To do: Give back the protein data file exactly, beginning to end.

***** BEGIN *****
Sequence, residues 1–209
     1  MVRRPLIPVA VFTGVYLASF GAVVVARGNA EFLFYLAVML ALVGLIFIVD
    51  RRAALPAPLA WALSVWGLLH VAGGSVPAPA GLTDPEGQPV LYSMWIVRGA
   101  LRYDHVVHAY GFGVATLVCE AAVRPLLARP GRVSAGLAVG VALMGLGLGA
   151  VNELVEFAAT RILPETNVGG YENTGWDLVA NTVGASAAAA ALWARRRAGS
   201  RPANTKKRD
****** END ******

Sequence, residues 1–209
     1  MVRRPLIPVA VFTGVYLASF GAVVVARGNA EFLFYLAVML ALVGLIFIVD
    51  RRAALPAPLA WALSVWGLLH VAGGSVPAPA GLTDPEGQPV LYSMWIVRGA
   101  LRYDHVVHAY GFGVATLVCE AAVRPLLARP GRVSAGLAVG VALMGLGLGA
   151  VNELVEFAAT RILPETNVGG YENTGWDLVA NTVGASAAAA ALWARRRAGS
   201  RPANTKKRD